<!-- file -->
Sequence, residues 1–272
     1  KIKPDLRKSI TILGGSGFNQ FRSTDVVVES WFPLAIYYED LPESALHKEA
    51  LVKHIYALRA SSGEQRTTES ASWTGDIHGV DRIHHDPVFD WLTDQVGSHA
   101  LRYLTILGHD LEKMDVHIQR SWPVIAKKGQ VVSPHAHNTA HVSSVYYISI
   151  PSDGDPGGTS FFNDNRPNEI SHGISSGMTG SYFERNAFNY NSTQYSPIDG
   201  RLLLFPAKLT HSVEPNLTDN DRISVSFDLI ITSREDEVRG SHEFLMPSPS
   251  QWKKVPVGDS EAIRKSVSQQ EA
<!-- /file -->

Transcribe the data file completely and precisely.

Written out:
Sequence, residues 1–272
     1  KIKPDLRKSI TILGGSGFNQ FRSTDVVVES WFPLAIYYED LPESALHKEA
    51  LVKHIYALRA SSGEQRTTES ASWTGDIHGV DRIHHDPVFD WLTDQVGSHA
   101  LRYLTILGHD LEKMDVHIQR SWPVIAKKGQ VVSPHAHNTA HVSSVYYISI
   151  PSDGDPGGTS FFNDNRPNEI SHGISSGMTG SYFERNAFNY NSTQYSPIDG
   201  RLLLFPAKLT HSVEPNLTDN DRISVSFDLI ITSREDEVRG SHEFLMPSPS
   251  QWKKVPVGDS EAIRKSVSQQ EA